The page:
Author Archive | Thereasa Winnett

Great Resource for Teachers in Children’s Bible Classes

Great Resource for Teachers in Children's Bible Classes - Teach One Reach OneVolunteer teachers in Bible classes for children often have little training in education. They love God and their students dearly, but probably aren’t as effective as they could be with just a little more coaching. Unfortunately, very few churches and ministries provide this crucial regular training for their volunteers.

Of course, we would love for you to contact us and schedule our founder to come to your location and conduct intensive training workshops. If that’s not possible, and your church doesn’t provide training resources, you can self-educate. Reading books, educational journals or following blogs like this one can improve your skills and the effectiveness of your lessons and activities.

At the moment, the best books for teachers are all written for teachers in secular schools. This doesn’t mean there isn’t a lot you can learn from these master teachers. Often what they share will work in your Bible class for children just as well as it does in the elementary school down the street. At other times, you can make a few small changes in what they suggest and make it work for your Bible class. (For example, social studies ideas often work well when trying to help your students understand the history and cultures of the Bible.)

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Bible Stories for Special Themes in Bible Classes for Kids and Teens

Bible Stories for Special Themes in Bible Classes for Kids and Teens - Teach One Reach One

 

There are times when you may need or want to have a Bible class for kids or teens on a particular theme. Maybe you are substituting and there isn’t any literature. Perhaps your students need or want some study on a particular topic. Maybe you have a girls only or guys only Bible study. Whatever the reason, you may be scrambling quickly and drawing a blank on what Bible stories would work.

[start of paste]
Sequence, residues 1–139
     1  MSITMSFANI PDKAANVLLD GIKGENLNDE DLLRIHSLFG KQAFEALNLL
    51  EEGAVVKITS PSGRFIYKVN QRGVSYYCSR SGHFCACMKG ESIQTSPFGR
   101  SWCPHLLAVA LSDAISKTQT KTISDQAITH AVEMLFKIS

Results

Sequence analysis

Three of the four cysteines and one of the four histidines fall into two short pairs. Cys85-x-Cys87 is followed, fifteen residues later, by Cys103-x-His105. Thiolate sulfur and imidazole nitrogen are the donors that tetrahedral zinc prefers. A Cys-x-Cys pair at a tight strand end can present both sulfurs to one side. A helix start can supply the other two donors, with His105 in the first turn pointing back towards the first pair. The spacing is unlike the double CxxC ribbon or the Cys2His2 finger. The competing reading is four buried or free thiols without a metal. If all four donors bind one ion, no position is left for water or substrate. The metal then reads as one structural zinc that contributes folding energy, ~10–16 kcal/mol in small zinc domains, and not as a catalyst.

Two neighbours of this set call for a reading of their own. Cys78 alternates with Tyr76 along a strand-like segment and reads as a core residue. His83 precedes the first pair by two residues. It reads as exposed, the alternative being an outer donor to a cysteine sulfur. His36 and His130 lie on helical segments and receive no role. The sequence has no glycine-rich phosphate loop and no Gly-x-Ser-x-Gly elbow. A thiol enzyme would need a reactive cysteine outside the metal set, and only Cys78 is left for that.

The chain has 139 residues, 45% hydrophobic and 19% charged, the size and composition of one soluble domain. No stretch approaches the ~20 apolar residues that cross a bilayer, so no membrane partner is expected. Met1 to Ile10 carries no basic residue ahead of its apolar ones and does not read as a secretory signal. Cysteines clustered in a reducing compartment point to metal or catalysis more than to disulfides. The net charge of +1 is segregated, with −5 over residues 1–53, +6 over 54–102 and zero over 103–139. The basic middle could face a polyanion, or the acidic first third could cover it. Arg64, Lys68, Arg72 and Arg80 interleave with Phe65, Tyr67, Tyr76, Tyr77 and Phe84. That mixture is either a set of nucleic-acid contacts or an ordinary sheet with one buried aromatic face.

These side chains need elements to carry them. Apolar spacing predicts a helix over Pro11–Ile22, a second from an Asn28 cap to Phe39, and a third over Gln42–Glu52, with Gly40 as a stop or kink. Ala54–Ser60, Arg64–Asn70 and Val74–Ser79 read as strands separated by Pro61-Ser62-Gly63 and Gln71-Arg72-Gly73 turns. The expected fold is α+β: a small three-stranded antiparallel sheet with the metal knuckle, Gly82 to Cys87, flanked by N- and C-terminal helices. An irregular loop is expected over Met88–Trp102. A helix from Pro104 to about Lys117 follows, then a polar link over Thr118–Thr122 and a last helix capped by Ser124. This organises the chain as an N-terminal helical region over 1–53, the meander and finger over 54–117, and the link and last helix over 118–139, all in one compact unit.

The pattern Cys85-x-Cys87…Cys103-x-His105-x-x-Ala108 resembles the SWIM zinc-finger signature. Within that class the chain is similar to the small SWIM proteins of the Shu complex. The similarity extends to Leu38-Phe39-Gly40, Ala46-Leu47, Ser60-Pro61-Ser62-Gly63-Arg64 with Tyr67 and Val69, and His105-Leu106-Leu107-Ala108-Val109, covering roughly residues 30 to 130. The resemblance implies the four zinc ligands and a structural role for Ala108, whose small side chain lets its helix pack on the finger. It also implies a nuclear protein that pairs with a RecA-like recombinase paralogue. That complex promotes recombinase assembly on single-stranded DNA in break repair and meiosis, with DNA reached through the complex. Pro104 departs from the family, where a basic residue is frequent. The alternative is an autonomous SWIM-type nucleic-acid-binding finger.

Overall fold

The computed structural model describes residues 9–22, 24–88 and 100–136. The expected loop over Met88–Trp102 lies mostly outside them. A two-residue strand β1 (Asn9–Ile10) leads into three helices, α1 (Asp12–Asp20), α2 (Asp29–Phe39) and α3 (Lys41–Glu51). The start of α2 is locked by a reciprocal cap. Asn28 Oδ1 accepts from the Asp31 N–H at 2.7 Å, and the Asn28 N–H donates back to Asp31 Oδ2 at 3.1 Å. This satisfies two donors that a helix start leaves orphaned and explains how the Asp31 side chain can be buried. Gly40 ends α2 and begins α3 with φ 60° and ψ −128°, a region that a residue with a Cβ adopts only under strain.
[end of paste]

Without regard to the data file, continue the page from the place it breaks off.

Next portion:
There are probably as many options as there are Bible stories. (Be aware, some children are not mature enough for a few of these stories.) Here are some that should give you a good start:

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Handling “Wiggles” in Children’s Bible Classes

Handling "Wiggles" in Children's Bible Classes - Teach One Reach OneHave you been frustrated while teaching your children’s Bible class because your students are so fidgety? Has a student told you he “can’t sit still” because he has ADHD? Do you have students disrupting learning for others, while their parents are saying it’s because they don’t take their medication on Sunday?

These issues are becoming more and more common in Bible classes around the country. Volunteers are often confused and frustrated. Learning can be disrupted for one or more students. What can you do to show love to your students who may be struggling, while not ignoring the needs of other students to have a controlled learning environment?